Giving Up On A Perfect Recovery Actually Helped Me Heal From My Eating Disorder

More than a decade of my life, from my early teens to early 20s, was largely defined by my obsessive food and body rituals. I counted calories so closely that I eventually stopped needing to track them, running a list in my mind as I measured out tiny portions. I refused to visit friends in other cities, worried about when and how I would exercise. I starved myself most of the day and ate mindlessly at night, beat myself up for it, then started the cycle all over again the next day.

For years, my eating disorder gave me a sense of control, made me feel safe and strong. And then it started to eat away at my life.

More than a decade of my life, from my early teens to early 20s, was largely defined by my obsessive food and body rituals. I counted calories so closely that I eventually stopped needing to track them, running a list in my mind as I measured out tiny portions. I refused to visit friends in other cities, worried about when and how I would exercise. I starved myself most of the day and ate mindlessly at night, beat myself up for it, then started the cycle all over again the next day.

For years, my eating disorder gave me a sense of control, made me feel safe and strong. And then it started to eat away at my life.

I got help only when I was in enough pain to really want it. About 18 months after I injured my hip, I finally sought treatment for my eating disorder.

In eating disorder spaces, some experts talk about recovery in the past tense. Many studies have aimed to clinically define what being “recovered” from an eating disorder really means, looking at a combination of physical, behavioral, and psychological indicators. (Notably, one study found that a group considered “fully recovered” had similar results to a control group, but elevated rates of anxiety disorders.)

Carolyn Costin, a pioneering eating disorder therapist, defined being recovered from an eating disorder as “when the person can accept his or her natural body size and shape and no longer has a self-destructive or unnatural relationship with food or exercise.”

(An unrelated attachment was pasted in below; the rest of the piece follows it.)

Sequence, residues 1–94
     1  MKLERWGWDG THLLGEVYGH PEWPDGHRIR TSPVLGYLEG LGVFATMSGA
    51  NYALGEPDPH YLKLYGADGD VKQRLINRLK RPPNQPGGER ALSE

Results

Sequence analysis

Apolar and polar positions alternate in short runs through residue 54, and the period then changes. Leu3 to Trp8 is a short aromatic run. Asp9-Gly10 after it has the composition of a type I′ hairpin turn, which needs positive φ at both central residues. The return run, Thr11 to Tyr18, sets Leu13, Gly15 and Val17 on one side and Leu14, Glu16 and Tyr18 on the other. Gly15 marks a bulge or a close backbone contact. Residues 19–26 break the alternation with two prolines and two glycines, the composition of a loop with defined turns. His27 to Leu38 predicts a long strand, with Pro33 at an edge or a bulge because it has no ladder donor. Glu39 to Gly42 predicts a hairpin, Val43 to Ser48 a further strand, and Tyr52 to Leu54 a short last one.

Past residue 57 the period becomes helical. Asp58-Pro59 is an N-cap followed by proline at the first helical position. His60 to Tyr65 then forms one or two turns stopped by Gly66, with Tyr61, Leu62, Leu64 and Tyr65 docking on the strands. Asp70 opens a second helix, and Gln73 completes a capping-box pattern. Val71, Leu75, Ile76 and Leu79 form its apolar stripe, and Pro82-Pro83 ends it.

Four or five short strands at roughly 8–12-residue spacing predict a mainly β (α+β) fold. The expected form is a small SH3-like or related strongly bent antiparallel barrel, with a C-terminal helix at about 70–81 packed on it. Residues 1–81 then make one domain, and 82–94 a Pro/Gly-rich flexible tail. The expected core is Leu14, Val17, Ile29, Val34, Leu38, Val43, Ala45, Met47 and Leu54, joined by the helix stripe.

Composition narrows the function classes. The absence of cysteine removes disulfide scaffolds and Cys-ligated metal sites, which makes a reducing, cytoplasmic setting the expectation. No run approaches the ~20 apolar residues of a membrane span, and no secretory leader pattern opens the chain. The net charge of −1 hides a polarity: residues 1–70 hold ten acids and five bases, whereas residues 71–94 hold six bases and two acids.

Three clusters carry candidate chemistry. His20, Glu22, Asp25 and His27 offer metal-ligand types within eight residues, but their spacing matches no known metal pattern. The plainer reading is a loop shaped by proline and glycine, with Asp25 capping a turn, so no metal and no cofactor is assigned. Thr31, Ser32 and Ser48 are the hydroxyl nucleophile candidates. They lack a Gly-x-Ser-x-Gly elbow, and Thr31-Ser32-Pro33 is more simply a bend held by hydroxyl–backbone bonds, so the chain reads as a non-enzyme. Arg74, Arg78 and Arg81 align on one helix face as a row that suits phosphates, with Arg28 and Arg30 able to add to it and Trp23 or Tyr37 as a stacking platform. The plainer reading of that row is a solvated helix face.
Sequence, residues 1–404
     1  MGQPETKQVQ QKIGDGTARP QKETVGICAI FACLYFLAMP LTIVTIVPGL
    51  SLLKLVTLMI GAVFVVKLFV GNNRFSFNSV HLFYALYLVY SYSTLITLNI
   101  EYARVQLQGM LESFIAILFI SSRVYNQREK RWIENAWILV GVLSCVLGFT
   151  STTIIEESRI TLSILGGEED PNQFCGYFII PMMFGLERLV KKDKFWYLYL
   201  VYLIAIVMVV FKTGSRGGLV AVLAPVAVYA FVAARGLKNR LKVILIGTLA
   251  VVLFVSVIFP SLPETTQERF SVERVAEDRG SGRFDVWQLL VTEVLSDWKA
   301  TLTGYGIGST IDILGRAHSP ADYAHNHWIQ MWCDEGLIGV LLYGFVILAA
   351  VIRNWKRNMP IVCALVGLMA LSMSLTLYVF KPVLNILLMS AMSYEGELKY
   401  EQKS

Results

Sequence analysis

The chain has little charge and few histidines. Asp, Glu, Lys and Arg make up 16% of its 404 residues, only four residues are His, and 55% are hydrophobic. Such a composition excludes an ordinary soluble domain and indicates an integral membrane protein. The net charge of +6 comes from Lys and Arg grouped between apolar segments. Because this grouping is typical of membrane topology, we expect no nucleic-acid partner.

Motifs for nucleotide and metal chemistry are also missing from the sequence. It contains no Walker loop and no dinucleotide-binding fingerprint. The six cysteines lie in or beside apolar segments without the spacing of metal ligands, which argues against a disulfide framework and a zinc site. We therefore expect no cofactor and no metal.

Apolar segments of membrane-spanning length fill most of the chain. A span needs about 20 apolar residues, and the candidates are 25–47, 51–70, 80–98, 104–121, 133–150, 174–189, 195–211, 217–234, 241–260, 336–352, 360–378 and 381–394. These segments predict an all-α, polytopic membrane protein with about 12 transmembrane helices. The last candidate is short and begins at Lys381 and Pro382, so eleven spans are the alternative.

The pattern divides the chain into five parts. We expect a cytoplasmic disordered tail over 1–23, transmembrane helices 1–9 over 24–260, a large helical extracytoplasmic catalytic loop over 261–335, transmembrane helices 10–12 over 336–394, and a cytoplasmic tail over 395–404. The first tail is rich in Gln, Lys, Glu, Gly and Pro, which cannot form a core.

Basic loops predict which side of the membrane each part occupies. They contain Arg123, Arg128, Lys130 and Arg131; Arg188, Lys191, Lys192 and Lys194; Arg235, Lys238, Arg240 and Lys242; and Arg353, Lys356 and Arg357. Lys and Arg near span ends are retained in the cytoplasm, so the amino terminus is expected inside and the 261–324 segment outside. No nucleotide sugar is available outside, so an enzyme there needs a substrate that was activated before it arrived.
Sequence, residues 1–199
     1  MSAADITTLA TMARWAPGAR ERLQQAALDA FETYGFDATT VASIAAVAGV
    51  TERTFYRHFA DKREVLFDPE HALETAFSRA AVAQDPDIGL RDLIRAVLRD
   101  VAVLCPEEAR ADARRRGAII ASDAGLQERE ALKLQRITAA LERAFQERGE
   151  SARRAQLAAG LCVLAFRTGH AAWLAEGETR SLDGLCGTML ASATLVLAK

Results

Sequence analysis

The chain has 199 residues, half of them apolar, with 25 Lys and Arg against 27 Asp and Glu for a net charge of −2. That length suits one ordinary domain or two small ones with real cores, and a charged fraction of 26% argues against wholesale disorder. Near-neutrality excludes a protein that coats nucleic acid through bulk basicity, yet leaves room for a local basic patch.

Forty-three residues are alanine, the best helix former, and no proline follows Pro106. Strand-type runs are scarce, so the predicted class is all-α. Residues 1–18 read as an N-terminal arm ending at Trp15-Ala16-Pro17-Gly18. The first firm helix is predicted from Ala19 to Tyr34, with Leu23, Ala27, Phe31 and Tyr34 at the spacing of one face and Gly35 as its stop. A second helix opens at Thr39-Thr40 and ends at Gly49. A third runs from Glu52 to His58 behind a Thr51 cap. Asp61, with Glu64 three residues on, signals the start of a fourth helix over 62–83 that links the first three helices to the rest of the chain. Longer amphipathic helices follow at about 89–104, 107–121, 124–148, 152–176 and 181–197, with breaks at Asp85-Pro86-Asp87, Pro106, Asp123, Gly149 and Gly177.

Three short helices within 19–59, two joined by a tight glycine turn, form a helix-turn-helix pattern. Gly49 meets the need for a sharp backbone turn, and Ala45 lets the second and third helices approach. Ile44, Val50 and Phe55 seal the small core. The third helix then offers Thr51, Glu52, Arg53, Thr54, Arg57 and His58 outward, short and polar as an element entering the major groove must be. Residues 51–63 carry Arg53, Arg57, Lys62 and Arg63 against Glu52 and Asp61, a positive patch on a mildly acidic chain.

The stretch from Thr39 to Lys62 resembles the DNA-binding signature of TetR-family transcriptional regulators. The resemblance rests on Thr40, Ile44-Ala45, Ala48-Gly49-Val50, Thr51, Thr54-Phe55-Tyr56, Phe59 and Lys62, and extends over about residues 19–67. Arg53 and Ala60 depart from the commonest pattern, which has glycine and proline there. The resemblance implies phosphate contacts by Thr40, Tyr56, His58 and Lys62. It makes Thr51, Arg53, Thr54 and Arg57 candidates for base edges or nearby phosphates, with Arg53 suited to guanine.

I used to think of recovery as a peak I would reach, after which point I would never have to think about any of this food bullshit ever again. But I have started to feel more like recovery is a cyclical state, with seasons that mirror nature’s own. Two years into the pandemic, I’m riding the recovery loop again, this time with just enough experience to recognize this shifting form of my recovery for what it is: not a failing, but a deepening and a widening. I have a community of other people in recovery and the support of professionals to help me catch myself before I fall too far, and I now know that eating disorders aren’t creative — I can see the signs that I need help more clearly now. But strangely, I’ve begun to feel that giving up my idea of a perfect recovery has been the most helpful piece of all.

Excerpted from “Giving Up On A Perfect Recovery Actually Helped Me Heal From My Eating Disorder” in Buzzfeed News. Read the full article by Addy Baird for a first-hand account of her experience with disordered eating and recovery.

If you’re dealing with an eating disorder and need someone to talk to, the National Eating Disorders Association helpline is 1-800-931-2237; for 24/7 crisis support, text “NEDA” to 741741.

Source: Buzzfeed News | Giving Up On A Perfect Recovery Actually Helped Me Heal From My Eating Disorder, https://www.buzzfeednews.com/article/addybaird/eating-disorder-recovery-definition | © 2022, Buzzfeed, Inc.

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